Purity in Photography

Heavily processed image, not reality

I couldn’t help follow up on my last article with this. I read a photographer’s blog who was wringing his hands about “fake” images. In his plea for purity in photography he went so far as to coin a new term: “PhoTImagery” (the strange capitalism is his). He proposes the term to refer to any image that was not an absolute literal representation of a real scene.

What is purity in photography?

The argument presented was that “pure” photography – what he terms the purist photographer – consists of images made on film and processed in a wet darkroom. The end product is a photograph.

A couple of questions occur to me. For one, why stop at film? Why not define pure photography as coating wet plates in the field before exposing them? That predates film and is even more basic. The practitioner of this has to be very determined and willing to suffer for his art. That brings even more asceticism and rigor to the practice.

The second question is brought up by his assertion that the pure photographer can use “all possible techniques” in the chemical darkroom and still be acceptable. Editing negatives to remove distractions and compositing images has been done almost since the beginning of photography. Is that OK as long is it is done with film and chemicals? What would a photographer have to do to make it no longer “pure”? It is interesting that he does not count multiple exposures against the purity of an image.

Can digital imaging be pure?

The next step in the continuum he describes is the “photographer”. This is a person who does digital imaging, BUT does nothing to alter the image materially. This person is only called a “photographer”. He seems to have lost the sanction of purity, since he is not using a pristine chemical process. The end product here is still a photography, but I guess it is potentially tainted.

If you edit out distractions or (gasp) change the sky it is no longer a real photograph. Apparently only the actual scene as shot, with no material changes, is worthy to be presented as art. Of course, like in any legalistic argument, there will be long and heated debate about what constitutes a “material” change. And who is certifying this? Do we have to submit our images to the Board of Photographic Purity before publishing them?

Not real art?

Finally Mr. Gordon creates the term PhoTImigery to describe any image that was not created and processed entirely by old school chemical methods, or was composited or heavily manipulated. He labels these manipulated images as deceptive and not true photography.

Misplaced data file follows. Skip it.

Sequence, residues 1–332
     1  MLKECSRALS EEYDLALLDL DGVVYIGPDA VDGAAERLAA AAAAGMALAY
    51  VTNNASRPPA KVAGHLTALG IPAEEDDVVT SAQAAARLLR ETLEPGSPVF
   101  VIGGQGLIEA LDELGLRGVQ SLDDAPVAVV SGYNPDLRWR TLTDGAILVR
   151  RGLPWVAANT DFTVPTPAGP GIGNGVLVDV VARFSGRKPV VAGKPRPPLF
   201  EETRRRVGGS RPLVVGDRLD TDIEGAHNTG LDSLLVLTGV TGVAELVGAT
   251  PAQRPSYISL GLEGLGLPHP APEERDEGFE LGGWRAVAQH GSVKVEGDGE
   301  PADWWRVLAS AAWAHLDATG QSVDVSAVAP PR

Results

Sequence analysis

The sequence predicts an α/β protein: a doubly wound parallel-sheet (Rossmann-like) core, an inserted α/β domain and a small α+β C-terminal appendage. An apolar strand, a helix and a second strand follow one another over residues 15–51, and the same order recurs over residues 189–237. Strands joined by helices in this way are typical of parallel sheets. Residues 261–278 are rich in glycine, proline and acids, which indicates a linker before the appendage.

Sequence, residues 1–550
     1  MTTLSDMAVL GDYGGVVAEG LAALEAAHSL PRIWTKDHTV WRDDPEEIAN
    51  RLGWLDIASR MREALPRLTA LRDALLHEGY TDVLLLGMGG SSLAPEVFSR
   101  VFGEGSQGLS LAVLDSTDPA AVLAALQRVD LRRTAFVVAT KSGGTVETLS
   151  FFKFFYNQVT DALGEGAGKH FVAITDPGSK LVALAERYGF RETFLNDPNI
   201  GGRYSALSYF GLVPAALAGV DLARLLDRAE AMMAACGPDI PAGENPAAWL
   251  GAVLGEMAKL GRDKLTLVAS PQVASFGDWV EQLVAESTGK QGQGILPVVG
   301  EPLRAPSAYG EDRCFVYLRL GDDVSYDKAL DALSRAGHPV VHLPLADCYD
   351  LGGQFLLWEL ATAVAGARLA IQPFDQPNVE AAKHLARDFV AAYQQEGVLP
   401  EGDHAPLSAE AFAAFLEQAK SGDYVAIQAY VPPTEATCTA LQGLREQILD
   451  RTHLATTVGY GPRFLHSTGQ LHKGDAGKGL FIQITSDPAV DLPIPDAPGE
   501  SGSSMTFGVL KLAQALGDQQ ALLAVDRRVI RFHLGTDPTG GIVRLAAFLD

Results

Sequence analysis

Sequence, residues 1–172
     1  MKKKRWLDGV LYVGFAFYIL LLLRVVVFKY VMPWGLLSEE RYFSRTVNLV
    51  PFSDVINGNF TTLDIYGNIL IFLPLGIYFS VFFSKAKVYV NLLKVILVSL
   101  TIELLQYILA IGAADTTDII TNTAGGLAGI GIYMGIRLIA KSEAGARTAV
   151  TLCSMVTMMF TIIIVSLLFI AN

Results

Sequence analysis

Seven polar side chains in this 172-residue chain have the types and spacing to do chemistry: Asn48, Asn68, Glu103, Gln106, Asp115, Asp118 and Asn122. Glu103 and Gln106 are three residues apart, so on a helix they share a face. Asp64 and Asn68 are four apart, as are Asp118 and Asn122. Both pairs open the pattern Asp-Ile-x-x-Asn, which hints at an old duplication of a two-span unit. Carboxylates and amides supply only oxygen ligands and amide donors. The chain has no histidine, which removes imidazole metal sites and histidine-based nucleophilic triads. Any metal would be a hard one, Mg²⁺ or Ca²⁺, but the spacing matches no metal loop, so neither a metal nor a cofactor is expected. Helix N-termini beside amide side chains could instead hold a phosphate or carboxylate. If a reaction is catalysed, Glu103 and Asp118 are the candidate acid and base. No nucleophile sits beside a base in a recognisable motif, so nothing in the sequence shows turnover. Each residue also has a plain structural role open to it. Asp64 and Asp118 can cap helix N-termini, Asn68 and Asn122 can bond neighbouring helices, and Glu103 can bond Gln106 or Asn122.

Happily, he allows that art might want to do these things, but that the use of them must be disclosed. If not disclosed he claims it to be deceptive and wrong.

I thought this argument was over a couple of years after digital imaging became really practical. Unless you are a photojournalist it should be assumed that ALL images are manipulated. This is not dishonest unless you are presenting it to your viewers as depicting reality.

The disconnect

Herein lies the disconnect, I think. Mr. Gordon wants to assume that all photographs are a faithful and literal depiction of reality unless disclosed as otherwise. It seems much safer to assume that all photographs are manipulated freely unless it is stated otherwise.

We have long moved past the point where the only purpose of photography is to record the world as it literally is. There are billions of images made every day. Reality is overused. A photographer wanting to be heard among all the noise must present his personal vision of a scene. Or create a scene that may not have existed.

Is this dishonest? No, it is art. Should it be “disclosed” as not real? No, no more than a Picasso painting should be labeled as “not real”. None of my images, no matter how they are created or manipulated, are fake. They are my artistic work.

By the way, the image with this article is not literal reality. 🙂 Are all my images this heavily processed? No, not even most of them. But I feel free to do what I want with my pixels.

The argument of purity makes an assumption of the intent and very purpose of photography. I refuse to be bound by someone else’s assumptions. I will follow my own path. Let me state right now to never assume any of my images are literal truth unless I tell you that they are.


Moderately processed natural scene

How much post-processing is too much? Is less better? Is there some magic boundary you shouldn’t cross? Over-processing is a controversial topic for many photographers.


Ah, purity, respecting reality, make no changes. This concept and value system is instilled into many photographers, especially landscape artists. I still follow Nature Photography Network. The images are often very lovely. But there is generally, to me, a sterility to them. Most photographers who post here are afraid of departing from literal reality.

In this group, as in many landscape forums I have seen, there is a real negative feeling about cleaning up distractions, adjusting color to be anything other than the actual original, compositing, or anything else that is not strictly faithful to the original scene. It reminds me of some film photographers who used to make prints with the film rebate showing to prove the image was not cropped.

The problem I have is the fear to depart from reality. Fear is not a good guide for art.

What is photography?

Is photography to be a literal recording of reality? Some people believe that it is. I used to be in this group, way back. As a matter of fact, the camera club I used to be a member of went further to say that a nature image must not show any “hand of man”. That is, there could not be a trail, a contrail, an old mine, anything not completely natural.